The United Nations struggles to be the world’s peacekeeper

The United Nations struggles to be the world’s peacekeeper

Where diplomacy balances demagoguery, should one nation be able to veto the votes of 192 others? Giving peace a chance might just be too much to ask. Non–Violence or The Knotted Gun by Carl Fredrik Reutersward, UN New York. Licensed under CC BY-ND 2.0 Hands up if you...

Global citizenship and cross-border collaboration has never mattered more. Among the 193 nations that make up the United Nations, the island nation of Tuvalu – less than 13,000 people – has the same vote on referendums in the General Assembly as China, which has more than 1 billion people. But China also serves on the UN Security Council and so can veto any proposal. Because of this strange inequity, the UN has been unable to stop ethnically-driven massacres, genocidal persecution of minorities and other smaller conflicts. On the other hand, it is bringing the world together on climate change. 

Exercise: Turn your class into a mini United Nations. Each student will get one vote. But appoint a small number of students to also serve on the Security Council. (You might choose the tallest, biggest students to emphasize the idea of power imbalance.) Have students propose changes that should be made by the school or your class. Then have the students on the Security Council see if they are willing to endorse the idea, with any one student on it given the power to quash the proposal. Then have students discuss the pros and cons of that structure and the power of the veto.

Could Ukraine war spread to space and endanger satellites?

Could Ukraine war spread to space and endanger satellites?

Despite conflicts on Earth, satellites orbit in peace. But use of Elon Musk’s Starlink to aid Ukraine has Russia looking to the sky with hostile eyes. A rocket booster carrying three Gonets-M satellites and the first Skif-D satellite of the Sfera programme lifts...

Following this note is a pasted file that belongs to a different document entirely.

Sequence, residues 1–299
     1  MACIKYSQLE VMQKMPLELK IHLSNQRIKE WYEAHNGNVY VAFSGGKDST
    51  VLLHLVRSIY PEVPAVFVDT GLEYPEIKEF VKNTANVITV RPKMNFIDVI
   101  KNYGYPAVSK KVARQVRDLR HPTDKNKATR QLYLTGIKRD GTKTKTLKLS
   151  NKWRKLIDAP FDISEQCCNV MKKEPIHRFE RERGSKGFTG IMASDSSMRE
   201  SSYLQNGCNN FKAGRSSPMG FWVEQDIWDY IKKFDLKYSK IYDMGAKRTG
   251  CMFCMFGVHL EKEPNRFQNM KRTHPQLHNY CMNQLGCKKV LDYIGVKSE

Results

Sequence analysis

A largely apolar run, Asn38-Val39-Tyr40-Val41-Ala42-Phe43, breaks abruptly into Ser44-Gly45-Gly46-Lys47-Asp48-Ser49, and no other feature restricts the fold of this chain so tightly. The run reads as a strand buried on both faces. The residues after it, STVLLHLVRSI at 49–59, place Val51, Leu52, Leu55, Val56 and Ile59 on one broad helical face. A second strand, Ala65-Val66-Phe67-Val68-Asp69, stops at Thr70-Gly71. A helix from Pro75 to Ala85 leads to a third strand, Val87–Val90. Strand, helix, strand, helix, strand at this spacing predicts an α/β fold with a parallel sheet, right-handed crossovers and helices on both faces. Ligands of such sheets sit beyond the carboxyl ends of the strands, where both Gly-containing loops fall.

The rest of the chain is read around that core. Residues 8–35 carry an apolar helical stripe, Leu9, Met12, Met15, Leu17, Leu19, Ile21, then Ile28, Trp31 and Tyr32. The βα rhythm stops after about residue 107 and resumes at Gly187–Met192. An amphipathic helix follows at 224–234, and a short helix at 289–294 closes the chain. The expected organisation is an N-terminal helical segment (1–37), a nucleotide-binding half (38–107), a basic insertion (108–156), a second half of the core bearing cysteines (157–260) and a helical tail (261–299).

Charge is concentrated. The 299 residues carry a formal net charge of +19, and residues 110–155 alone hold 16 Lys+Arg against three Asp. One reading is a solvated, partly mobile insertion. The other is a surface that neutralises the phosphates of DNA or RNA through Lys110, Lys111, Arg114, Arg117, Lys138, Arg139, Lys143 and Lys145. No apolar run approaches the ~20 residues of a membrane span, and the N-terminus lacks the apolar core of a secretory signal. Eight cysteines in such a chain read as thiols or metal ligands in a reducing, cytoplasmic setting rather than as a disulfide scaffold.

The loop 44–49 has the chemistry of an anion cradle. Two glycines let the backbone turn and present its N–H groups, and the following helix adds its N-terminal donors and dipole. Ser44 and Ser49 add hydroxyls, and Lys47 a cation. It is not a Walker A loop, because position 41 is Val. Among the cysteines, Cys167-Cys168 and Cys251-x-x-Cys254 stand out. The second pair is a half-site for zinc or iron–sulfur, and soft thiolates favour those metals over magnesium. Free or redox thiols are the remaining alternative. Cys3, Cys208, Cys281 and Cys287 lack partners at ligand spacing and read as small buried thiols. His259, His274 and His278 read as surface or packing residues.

While all kinds of international conflicts occur on the ground, up in space things have been pretty peaceful. We depend on peace in the skies because such things as social media, multiplayer video games, Google classrooms and Zoom sessions rely on satellites bouncing signals across the earth. Correspondent Tira Shubart tells us why tensions on the ground in Ukraine could disturb the tacit and explicit agreements over satellites in the sky. 

Exercise: Let’s imagine that each student has been hired to draw up an international agreement to govern and protect satellites that need to cross the skies over international borders. What are the five most important considerations that would have to be included in this treaty? Some things to consider are: The citizens in every country want fast and reliable Internet; people want their privacy protected; and countries are concerned about the possible military use of satellites.

Gorbachev: Reflections on a statesman who shaped history

Gorbachev: Reflections on a statesman who shaped history

Alternately revered and vilified, Mikhail Gorbachev shaped history as the last Soviet leader. Our correspondents recall his impact and legacy. Soviet President Mikhail Gorbachev waves during a military parade marking the anniversary of the Bolshevik revolution, Red...

At a time of sharp division between the West and Russia, News Decoder remembers an era when another intractable divide was bridged. At the height of the Cold War, two adversaries, U.S. President Ronald Reagan and Soviet leader Mikhail Gorbachev, forged an agreement to reduce nuclear arms. Alternately revered and vilified, Gorbachev shaped history as the last Soviet leader and the one whose decisions helped lift the Iron Curtain. To mark Gorbachev’s death, News Decoder correspondents who covered the collapse of the Soviet Union examine how the former Soviet leader’s legacy has evolved over time.

Exercise: Gorbachev left an ambiguous legacy. He is heralded in much of the West but viewed less favorably in Russia. Can your student’s identify other historical or contemporary figures who are viewed in a contradictory way? What’s at the root of such contradictory perspectives?

Tag: diplomacy